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So sorry you are dealing with these issues with Dozer. I think bringing in a trainer that will visit your home and give training advice based on your specific situations is in order. I'm sure it will be more expensive than group training; but if he is running your lives, it sounds like it would be worth it. He needs to learn that you run his life and not the other way around. I would do it before he gets much older and "set in his ways."

Also, just remember consistency is key. Since you have tried many things to correct/stop him, try one correction consistently for a longer period of time. Have you done clicker training? If not, you can use it as a correction instead of a praise. Just like some use it along with a treat for praise, you can condition him to associate it with something he doesn't like - like a spritz of water, loud NO, or something like that which works. Eventually he will not want to hear the clicker and associate his bad behavior with the sound of that clicker - and hopefully stop at that point. :)

Best of luck!


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Being that he has basically learned that this behavior was allowed it's going to be a little harder to train him out of it. But patience, persistence and repetition is the key just like with all other training.

Have you taught him "leave it" ?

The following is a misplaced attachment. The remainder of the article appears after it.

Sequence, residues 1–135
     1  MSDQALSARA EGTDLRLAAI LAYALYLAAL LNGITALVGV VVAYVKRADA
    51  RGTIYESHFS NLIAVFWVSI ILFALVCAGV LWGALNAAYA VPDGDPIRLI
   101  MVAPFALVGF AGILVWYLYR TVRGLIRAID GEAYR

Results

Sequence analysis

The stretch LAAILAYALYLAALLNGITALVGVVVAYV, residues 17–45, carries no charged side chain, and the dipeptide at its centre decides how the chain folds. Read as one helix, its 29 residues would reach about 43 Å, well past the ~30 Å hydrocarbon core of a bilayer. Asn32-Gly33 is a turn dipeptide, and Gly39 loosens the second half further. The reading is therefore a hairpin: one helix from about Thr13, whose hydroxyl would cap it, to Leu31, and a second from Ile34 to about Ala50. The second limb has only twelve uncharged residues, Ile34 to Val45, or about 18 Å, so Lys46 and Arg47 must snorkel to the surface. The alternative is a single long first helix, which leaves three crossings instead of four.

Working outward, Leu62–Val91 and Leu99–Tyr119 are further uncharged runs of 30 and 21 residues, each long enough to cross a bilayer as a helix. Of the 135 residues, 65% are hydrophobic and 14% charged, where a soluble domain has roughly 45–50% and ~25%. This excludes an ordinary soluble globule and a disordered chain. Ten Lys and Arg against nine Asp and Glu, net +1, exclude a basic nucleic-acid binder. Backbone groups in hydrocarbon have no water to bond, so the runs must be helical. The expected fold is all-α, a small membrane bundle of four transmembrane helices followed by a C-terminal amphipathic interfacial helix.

To teach "leave it" put him on his leash (start inside) and place a tasty treat down in the middle of the floor (also have treats on you). You want to walk him from one side of the room right past the treat to the other side without him snatching it up on the way.

As you get close to the treat he will try and grab it - say "leave it" and give a leash correction and keep going. This may take you several tries before you are successful. When you do manage to get past the treat and it's still on the floor where you left it. You tell him "good boy" and give him the treat from your pocket. Never pick up the treat from the floor and give that one. Repeat this over and over and then start doing this in different rooms, places - even outside on a deck or driveway. The key to this is that until he learns it you must practice with a leash on so you control the outcome. Set him up for success basically. Eventually you will no longer need the leash correction along with the verbal "leave it".